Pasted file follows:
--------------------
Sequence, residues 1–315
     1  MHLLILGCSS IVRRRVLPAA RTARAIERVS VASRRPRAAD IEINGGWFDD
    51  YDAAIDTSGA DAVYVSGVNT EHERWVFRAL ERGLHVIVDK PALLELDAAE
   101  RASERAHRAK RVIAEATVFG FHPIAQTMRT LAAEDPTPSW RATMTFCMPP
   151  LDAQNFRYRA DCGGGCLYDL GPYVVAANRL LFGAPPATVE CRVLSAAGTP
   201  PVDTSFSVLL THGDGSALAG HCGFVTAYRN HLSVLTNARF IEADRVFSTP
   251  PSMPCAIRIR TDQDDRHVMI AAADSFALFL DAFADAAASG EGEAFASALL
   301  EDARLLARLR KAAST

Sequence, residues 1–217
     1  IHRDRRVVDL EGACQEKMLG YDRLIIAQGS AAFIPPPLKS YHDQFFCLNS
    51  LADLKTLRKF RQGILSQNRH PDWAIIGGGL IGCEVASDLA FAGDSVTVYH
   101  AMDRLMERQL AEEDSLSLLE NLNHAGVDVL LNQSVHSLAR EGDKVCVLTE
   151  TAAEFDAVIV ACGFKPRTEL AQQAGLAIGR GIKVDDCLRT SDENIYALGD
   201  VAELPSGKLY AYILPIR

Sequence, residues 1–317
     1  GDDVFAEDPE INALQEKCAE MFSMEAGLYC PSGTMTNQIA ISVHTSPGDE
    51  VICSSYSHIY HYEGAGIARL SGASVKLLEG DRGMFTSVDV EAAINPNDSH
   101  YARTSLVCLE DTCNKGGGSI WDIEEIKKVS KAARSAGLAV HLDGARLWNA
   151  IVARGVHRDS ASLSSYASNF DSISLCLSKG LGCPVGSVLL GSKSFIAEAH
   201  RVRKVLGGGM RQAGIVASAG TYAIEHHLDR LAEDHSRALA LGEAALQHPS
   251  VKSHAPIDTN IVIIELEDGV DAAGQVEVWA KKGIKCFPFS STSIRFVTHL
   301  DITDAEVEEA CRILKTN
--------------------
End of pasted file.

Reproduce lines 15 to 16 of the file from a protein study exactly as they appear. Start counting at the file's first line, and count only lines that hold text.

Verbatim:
Sequence, residues 1–317
     1  GDDVFAEDPE INALQEKCAE MFSMEAGLYC PSGTMTNQIA ISVHTSPGDE